Exactly 100 pieces of stunning wildlife photography are to go on display at the Natural History Museum in London ahead of the announcement of the Veolia Environnement Wildlife Photographer of the Year.
The competition, which saw 48,000 entries stripped down to a premier 100, sees photographs of insects, foxes, baboons and turtles compete for the prize.
The chosen few images will feature in the exhibition, which opens on 19 October, before heading on a UK and international tour.
Included in the final list is Klaus Tamm's Sizing Up, featuring two insects preparing for a fight on the veranda of the photographer’s holiday apartment.
"I was so impressed by the harmony that I ended up photographing them for several hours," said Tamm.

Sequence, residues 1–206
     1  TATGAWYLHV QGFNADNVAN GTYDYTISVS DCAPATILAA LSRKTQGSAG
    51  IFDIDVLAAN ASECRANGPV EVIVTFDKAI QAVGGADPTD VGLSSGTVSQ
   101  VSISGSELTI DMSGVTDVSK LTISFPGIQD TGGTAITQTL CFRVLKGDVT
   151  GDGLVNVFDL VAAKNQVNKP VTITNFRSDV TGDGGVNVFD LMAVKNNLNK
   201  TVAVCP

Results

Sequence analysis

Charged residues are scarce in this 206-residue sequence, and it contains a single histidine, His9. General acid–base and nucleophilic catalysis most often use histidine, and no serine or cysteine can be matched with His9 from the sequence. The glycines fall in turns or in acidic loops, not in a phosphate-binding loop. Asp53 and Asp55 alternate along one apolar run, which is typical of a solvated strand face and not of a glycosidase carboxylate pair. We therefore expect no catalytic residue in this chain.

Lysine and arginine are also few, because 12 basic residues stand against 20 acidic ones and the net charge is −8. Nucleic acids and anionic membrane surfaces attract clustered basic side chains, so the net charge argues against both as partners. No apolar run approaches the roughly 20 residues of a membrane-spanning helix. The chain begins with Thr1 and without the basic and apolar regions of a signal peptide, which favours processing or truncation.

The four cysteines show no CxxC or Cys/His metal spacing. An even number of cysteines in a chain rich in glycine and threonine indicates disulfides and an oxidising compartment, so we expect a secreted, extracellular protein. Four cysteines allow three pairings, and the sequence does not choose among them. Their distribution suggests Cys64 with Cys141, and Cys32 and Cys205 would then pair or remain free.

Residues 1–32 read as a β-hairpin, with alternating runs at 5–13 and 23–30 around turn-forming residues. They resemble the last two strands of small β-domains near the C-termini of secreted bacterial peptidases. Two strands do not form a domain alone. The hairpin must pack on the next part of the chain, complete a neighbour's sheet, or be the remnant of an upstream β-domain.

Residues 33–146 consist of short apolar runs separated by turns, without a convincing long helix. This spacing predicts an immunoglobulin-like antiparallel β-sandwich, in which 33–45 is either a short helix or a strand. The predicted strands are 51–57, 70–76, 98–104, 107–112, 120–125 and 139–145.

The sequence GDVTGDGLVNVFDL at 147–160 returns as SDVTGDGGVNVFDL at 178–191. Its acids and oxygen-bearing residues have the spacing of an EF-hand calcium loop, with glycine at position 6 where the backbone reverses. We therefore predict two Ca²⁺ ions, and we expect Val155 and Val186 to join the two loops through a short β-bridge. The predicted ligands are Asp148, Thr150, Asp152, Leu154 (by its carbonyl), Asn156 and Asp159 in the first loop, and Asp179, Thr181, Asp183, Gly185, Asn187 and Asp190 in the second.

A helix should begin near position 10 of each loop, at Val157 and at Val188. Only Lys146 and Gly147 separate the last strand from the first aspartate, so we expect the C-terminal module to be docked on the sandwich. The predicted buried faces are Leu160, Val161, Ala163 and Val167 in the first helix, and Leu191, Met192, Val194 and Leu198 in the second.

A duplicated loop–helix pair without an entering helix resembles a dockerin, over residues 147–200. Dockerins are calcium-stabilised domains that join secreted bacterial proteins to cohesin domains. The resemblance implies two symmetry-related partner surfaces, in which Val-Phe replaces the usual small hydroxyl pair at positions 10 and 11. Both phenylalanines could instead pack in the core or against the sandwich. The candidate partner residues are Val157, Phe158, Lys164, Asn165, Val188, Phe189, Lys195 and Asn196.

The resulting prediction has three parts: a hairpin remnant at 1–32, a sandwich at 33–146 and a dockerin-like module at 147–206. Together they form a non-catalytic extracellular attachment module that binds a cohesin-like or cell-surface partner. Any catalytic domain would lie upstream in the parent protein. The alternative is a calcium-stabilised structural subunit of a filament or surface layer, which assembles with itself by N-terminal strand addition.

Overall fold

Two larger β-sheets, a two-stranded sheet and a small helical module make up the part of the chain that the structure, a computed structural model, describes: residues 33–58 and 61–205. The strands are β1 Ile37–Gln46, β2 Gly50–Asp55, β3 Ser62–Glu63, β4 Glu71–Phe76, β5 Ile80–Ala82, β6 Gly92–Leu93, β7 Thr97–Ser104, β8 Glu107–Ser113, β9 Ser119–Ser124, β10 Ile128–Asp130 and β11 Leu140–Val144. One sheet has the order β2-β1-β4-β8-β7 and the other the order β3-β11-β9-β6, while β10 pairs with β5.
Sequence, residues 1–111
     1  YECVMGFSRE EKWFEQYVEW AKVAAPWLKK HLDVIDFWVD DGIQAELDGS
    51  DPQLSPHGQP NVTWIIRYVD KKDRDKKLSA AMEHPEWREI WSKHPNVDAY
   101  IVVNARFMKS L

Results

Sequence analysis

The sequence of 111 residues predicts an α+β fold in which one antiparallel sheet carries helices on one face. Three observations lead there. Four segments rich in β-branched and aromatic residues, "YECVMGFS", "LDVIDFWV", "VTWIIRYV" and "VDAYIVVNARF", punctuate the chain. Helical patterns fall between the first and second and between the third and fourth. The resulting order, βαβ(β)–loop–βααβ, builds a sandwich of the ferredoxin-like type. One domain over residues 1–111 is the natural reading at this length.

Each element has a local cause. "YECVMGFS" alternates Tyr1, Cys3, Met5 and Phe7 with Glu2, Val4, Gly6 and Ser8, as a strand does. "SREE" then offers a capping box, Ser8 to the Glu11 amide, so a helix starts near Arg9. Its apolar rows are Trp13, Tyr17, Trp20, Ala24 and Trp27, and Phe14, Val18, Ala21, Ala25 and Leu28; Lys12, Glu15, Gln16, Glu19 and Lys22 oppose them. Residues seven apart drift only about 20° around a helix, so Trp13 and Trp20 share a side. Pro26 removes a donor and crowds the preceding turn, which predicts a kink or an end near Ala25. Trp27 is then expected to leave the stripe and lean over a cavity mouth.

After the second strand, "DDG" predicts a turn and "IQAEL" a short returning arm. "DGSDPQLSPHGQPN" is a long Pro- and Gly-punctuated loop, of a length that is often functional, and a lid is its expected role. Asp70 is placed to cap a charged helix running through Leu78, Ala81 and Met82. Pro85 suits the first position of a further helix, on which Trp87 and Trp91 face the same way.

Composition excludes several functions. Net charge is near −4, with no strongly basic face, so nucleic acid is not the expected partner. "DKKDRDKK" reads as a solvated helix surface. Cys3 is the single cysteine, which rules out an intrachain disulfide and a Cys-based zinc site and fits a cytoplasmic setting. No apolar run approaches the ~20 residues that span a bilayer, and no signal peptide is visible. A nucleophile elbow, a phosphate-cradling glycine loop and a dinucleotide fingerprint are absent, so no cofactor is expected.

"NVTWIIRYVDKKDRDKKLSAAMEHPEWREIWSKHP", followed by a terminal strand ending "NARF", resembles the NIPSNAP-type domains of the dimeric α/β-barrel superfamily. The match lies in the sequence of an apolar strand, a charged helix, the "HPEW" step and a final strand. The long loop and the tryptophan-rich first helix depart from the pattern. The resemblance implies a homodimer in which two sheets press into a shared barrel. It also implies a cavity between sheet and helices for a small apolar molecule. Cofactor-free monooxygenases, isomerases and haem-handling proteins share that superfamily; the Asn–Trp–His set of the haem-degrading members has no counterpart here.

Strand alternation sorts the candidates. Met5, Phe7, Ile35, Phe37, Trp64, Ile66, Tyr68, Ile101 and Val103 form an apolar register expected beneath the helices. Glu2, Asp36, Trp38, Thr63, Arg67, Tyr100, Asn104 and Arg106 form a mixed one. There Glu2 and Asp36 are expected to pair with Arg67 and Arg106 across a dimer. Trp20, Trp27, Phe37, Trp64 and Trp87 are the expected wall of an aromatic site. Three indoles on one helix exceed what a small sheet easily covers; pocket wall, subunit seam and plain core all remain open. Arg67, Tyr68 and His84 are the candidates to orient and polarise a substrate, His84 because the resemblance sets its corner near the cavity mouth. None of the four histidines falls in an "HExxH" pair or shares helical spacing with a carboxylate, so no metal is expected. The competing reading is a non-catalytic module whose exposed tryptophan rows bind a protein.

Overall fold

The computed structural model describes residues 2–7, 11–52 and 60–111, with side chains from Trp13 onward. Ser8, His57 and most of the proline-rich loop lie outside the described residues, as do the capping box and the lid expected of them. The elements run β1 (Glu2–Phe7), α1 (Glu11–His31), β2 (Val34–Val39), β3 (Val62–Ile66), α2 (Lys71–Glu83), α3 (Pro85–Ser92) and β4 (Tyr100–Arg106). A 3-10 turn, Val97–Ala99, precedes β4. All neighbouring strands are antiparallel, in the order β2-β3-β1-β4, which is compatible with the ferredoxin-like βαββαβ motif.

Dutch photographer Jasper Doest contributed a photograph of a Japanese Macaque seemingly in a state of serene relaxation.
The award-winning photographer, who has traveled far and wide to photograph arctic foxes, birds, seals and spiders among others, will also feature in the top 100 in the exhibition.
Among the other entries, which have come from 98 countries around the globe, will be Ofer Levy's snap of a bat skipping along water, Fly-By Drinking.
The Australian, primarily a bird photographer, was formerly a biology teacher before deciding to take up his hobby full-time.
"I see my photography as a tool to promote the love for nature and conservation," Levy writes on his website.
It's a statement that applies not just in his work but also to all the entries that serve to remind just how beautiful the natural world can be.
Wildlife Photographer of the Year runs from 19 October 2012-3 March 2013 at the Natural History Museum. Admission is £10 for adults, £5 for concessions and is free for members, patrons and under threes